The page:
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Systematic Review ARTICLE Provisionally accepted The full-text will be published soon. Notify me

Front. Neurol. | doi: 10.3389/fneur.2019.00727

A systematic review of the microbiome in children with neurodevelopmental disorders.

  • 1National Centre for Disease Prevention and Health Promotion, Higher Institute of Health (ISS), Italy
  • 2Department of General Pediatrics and Infectious Diseases, Bambino Gesù Pediatric Hospital, Italy
  • 3Chair of Pediatrics, NESMOS Department, Faculty of Medicine and Psychology,, Sapienza University of Rome, Italy

Background and Purpose: Relationship between gut microbiome and central nervous system, have been suggested. The human microbiome may have an influence on brain’s development, indicating that dysbiosis may contribute in the etiology and progression of some neurological/neuropsychiatric disorders. The objective of this systematic review was to identify evidence on the characterization and differentiation of the microbiome in children with neurodevelopmental disorders, as compared to healthy children.
Methods: The review was performed following the methodology described in the Cochrane handbook for systematic reviews, and was reported based on the PRISMA statement for reporting systematic reviews and meta-analyses. All literature published up to June, 2018 was retrieved searching the databases PubMed, ISI Web of Science and the Cochrane Database of Systematic Reviews. Only observational studies, published in English and reporting data on the characterization of the microbiome in humans aged 0-18 years with a neurodevelopmental disorder were included. Neurodevelopmental disorders were defined according to the definition included in the Diagnostic and Statistical Manual of Mental Disorders, version 5 (DSM–V).
Results: Bibliographic searches yielded 9229 records. One study was identified through other data sources. A total of 12 studies were selected based on their relevance and pertinence to the topic of the review, and were then applied the predefined inclusion and exclusion criteria. A total of 6 case-control studies met the inclusion criteria, and were thus included in the qualitative analysis and applied the NOS score. Two studies reported data on the gut microbiome of children with ADHD, while 4 reported data on either the gut (n=3) or the oral microbiome (n=1) of children with ASD.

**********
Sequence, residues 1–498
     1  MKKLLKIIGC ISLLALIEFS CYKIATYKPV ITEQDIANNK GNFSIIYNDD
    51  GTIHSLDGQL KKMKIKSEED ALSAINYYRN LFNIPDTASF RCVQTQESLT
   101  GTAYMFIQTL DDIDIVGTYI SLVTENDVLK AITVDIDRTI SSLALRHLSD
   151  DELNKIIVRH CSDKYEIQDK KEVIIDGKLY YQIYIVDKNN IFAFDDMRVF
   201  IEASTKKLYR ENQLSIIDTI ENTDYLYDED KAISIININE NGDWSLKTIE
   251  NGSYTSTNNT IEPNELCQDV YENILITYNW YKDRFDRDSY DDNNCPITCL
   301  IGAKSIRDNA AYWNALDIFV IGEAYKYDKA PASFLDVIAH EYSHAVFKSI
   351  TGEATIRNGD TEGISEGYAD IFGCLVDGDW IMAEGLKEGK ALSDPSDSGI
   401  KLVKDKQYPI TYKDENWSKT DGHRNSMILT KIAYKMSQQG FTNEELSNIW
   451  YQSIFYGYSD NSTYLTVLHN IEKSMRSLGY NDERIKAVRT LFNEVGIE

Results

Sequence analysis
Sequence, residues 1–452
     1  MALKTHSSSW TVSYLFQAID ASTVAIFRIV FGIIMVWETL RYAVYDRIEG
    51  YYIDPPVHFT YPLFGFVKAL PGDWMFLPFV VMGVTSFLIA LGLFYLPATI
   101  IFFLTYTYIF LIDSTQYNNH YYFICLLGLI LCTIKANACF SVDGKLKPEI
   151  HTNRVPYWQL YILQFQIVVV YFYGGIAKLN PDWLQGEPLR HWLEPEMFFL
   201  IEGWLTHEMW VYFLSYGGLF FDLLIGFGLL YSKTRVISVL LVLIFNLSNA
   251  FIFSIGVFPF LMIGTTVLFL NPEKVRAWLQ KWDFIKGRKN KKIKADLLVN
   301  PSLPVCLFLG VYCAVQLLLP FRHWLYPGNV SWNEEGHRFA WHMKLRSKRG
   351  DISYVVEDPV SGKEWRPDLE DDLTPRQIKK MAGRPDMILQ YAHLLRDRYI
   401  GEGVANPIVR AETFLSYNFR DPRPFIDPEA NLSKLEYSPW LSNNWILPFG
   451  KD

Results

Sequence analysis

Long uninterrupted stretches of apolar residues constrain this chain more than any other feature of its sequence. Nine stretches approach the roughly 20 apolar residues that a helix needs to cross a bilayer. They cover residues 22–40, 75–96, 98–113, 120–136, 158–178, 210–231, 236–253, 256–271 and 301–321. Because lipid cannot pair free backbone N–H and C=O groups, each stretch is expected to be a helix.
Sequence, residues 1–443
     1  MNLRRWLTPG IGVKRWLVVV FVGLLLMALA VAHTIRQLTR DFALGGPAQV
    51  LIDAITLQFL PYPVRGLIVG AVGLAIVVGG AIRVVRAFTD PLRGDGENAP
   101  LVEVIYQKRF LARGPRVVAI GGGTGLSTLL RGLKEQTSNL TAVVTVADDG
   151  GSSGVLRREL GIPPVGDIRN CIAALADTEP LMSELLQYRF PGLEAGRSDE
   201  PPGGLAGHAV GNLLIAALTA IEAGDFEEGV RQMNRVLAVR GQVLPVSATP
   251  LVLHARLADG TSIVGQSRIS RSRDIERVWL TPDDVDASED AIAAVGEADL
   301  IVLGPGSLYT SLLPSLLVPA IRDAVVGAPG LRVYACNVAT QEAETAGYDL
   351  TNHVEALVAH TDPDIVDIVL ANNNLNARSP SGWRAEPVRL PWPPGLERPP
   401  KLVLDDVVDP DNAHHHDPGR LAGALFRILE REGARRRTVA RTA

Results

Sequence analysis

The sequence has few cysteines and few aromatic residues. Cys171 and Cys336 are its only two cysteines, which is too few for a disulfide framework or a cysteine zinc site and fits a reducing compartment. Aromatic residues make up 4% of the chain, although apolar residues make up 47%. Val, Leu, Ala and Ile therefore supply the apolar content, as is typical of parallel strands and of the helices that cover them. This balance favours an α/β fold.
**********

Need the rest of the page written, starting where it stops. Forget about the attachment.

Conclusions: All the six studies included in this review showed a high heterogeneity in terms of sample size, gender, clinical issues, and type of controls. This high heterogeneity, along with the small sample size of the included studies, strongly limited the external validity of results. The quality assessment performed using the NOS score showed an overall low to moderate methodological quality of the included studies. To better clarify the potential role of microbiome in patients with neurodevelopmental disorders, further high-quality observational (specifically cohort) studies are needed.

Keywords: Microbiome, , Neurodevelopment disease, gut brain axis, 16 rRNA gene, Systematic (Literature) Review

Received: 17 Feb 2019; Accepted: 19 Jun 2019.

Edited by:

Kirsten A. Donald, University of Cape Town, South Africa

Reviewed by:

Renata Rizzo, University of Catania, Italy
Shrish Budree, University of Cape Town, South Africa  

Copyright: © 2019 Lacorte, Gervasi, Bacigalupo, Vanacore, Raucci and Parisi. This is an open-access article distributed under the terms of the Creative Commons Attribution License (CC BY). The use, distribution or reproduction in other forums is permitted, provided the original author(s) and the copyright owner(s) are credited and that the original publication in this journal is cited, in accordance with accepted academic practice. No use, distribution or reproduction is permitted which does not comply with these terms.

* Correspondence: Prof. Pasquale Parisi, Sapienza University of Rome, Chair of Pediatrics, NESMOS Department, Faculty of Medicine and Psychology,, Rome, Italy,